■ FIGURE 7 ■ FIGURE 8 shows a
the picture can be numerous
objects. An incandescent light
bulb, a relay, a motor, a high
current bank of LEDs, a buzzer, a
solenoid, just about anything that
needs to be switched on or off
and draws less than 300 ma can
use this circuit. Bipolar transistors
are pretty tough so as long as you
don’t exceed the current limits or
heat limits, you should be fine.
Notice in Figure 6 that the relay has a diode across it.
This is to bleed off the excess current stored in these inductive devices when the transistor is switched off. Without
that diode, the transistor can see a large voltage spike at the
collector which could damage the transistor. That large
spike can also cause electro-magnetic interference to the
PIC if it’s big enough.
Also notice that the motor has a capacitor across it.
This helps to knock down the continuous electrical noise
generated by a spinning DC motor. That noise has reset
the PIC multiple times in cases where I used a large motor
without a cap. Took me a while to figure out why my code
wasn’t working only to later discover I had left off the cap.
Driving the transistor isn’t any different than driving a
high side LED. A HIGH command will turn the transistor on
and a LOW command will turn it off.
To read a resistive sensor, I go back to the setup I used to
read multiple switches and use an A/D port. A light-dependent
resistor (sometimes known as a CDS cell) can be used in this
method, as shown in Figure 7. I also show the same circuit with
a thermistor in place of the CDS cell. Basically, any resistive
style sensor can use this method. A series resistance of 100
ohms is always good to include just in case the sensor connections are shorted to power somehow. The PIC’s internal protection will prevent it from being damaged, but why not protect
the port from that high current with a cheap 100 ohm resistor?
Neither of these will be linear, so you have to use some
kind of look-up table in your code to react to the reading. If
it was linear like a straight line response, then just using an
equation would be simple. This is where compilers with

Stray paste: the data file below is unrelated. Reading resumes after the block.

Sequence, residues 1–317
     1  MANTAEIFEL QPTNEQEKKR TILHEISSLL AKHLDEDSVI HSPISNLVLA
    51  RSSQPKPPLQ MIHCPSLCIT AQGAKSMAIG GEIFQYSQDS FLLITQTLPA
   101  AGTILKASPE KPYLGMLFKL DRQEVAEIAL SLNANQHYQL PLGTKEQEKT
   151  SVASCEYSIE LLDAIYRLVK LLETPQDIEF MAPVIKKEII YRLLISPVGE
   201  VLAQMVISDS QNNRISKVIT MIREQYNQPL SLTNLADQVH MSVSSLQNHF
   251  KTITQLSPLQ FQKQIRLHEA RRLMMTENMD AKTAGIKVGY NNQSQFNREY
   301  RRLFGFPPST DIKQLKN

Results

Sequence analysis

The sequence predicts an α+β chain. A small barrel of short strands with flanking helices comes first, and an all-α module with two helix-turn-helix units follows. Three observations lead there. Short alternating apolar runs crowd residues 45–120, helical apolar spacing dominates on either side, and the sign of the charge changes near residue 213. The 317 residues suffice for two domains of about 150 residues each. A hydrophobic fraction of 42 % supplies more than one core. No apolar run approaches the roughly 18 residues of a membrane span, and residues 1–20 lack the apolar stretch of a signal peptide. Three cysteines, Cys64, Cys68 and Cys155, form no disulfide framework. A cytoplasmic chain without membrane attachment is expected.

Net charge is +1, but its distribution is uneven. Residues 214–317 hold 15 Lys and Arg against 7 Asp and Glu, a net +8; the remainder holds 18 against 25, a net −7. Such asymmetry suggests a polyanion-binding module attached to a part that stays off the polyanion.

floating point math are handy. You can use a complex
equation rather than a lookup table to process the signal.
The Atom module software, despite being a free download,
offers floating point. This is one of the reasons I like using
this software for some of my development.
The code for reading one of these sensors is shown
using the Basic Atom code again, though this time I use the
LOOKDOWN command instead of a series of If-Then’s.
14 November 2006
Value var Byte
LED var Byte
Lookdown value, >,[10,50,100,200,400,600,800,1000], LED
The program reads the A/D value and stores it in variable “value.” Then the program uses the LOOKDOWN command to convert it to a single digit. The “greater than” sign
does a significant function in that it makes the LOOKDOWN
command search the list for the last value that is less than the
contents of “value” and records its position in variable LED.
For example, if the A/D reading of the sensor came back
with 460, then the value of LED would be 4 because it starts
counting at 10 and assigns it the location 0; 50 is 1, 100 is 2,
and so on. Since 460 is greater than 400 but less than 600, it
assigns LED the value 4. The HIGH command will then drive
the P4 pin of the Atom PIC chip (PortB bit4 in PIC terms) and
an LED would light if it was connected in a high side drive
arrangement. If you want to do this same function in PICBasic
Pro, then you need to use the LOOKDOWN2 command.
Taking the resistive sensor a step further, reading a potentiometer with an A/D port is quite easy. Feeding one side of
the pot to five volts and the other to ground lets you connect
the center wiper to the A/D port through a 100 ohm protection resistor, as seen in Figure 8. Now you can read any
position of the pot by monitoring the A/D value. This makes
for great position feedback in a robot or any control situation
that will allow you to tie the output to the shaft of a potentiometer. A slider potentiometer will work the same way with
this setup. If you are trying to control a position table, you can
use a long slider pot to give position feedback to the PIC so
it can drive the position table motor to the correct spot.
It’s pretty clear that I’ve only touched the surface of PIC
interface circuitry. In previous articles, I covered driving LCD
modules, LED displays, and RS232 level shifter circuits. With this
set of circuits, you should be able to build 90% of your first
projects and then do an Internet search for anything unique.
Once you have a list of these circuits, it makes it easy to go back
and reference them rather than re-invent the wheel every time.
I built my breadboard modules based on some of these circuits.
Once I used them more than 10 times, I would lay out a circuit
board and turn it into a new breadboard module. It makes
prototyping so much faster. You can do the same on your
workbench, building in one circuit at a time. Pretty soon you’ll
have a whole collection of PIC interface modules to build from.
Keep those emails coming to email@example.com. I’m
getting great ideas from readers and it lets me know I’m keeping people interested. If you are really experienced and find
these columns boring, I’m sorry, but I really want to help more
people get started with PICs. The number of emails keeps growing, so it seems I’m helping more and more every month. NV